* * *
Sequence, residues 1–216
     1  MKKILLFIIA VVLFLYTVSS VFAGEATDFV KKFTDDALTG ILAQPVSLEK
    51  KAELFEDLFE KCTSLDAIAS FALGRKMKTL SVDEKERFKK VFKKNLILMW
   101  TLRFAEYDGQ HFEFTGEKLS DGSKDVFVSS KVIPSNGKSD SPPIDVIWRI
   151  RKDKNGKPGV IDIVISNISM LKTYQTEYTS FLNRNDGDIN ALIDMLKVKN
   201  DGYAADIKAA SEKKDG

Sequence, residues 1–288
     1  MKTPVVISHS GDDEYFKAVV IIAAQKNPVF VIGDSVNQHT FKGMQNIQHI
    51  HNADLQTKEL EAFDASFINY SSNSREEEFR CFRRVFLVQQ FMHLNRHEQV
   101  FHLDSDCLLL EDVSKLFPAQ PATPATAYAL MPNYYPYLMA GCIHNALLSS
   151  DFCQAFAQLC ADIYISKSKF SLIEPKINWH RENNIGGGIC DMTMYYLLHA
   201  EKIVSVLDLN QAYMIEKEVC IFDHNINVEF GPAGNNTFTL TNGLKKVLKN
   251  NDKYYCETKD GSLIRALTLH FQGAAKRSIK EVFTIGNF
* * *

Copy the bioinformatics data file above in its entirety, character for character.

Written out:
Sequence, residues 1–216
     1  MKKILLFIIA VVLFLYTVSS VFAGEATDFV KKFTDDALTG ILAQPVSLEK
    51  KAELFEDLFE KCTSLDAIAS FALGRKMKTL SVDEKERFKK VFKKNLILMW
   101  TLRFAEYDGQ HFEFTGEKLS DGSKDVFVSS KVIPSNGKSD SPPIDVIWRI
   151  RKDKNGKPGV IDIVISNISM LKTYQTEYTS FLNRNDGDIN ALIDMLKVKN
   201  DGYAADIKAA SEKKDG

Sequence, residues 1–288
     1  MKTPVVISHS GDDEYFKAVV IIAAQKNPVF VIGDSVNQHT FKGMQNIQHI
    51  HNADLQTKEL EAFDASFINY SSNSREEEFR CFRRVFLVQQ FMHLNRHEQV
   101  FHLDSDCLLL EDVSKLFPAQ PATPATAYAL MPNYYPYLMA GCIHNALLSS
   151  DFCQAFAQLC ADIYISKSKF SLIEPKINWH RENNIGGGIC DMTMYYLLHA
   201  EKIVSVLDLN QAYMIEKEVC IFDHNINVEF GPAGNNTFTL TNGLKKVLKN
   251  NDKYYCETKD GSLIRALTLH FQGAAKRSIK EVFTIGNF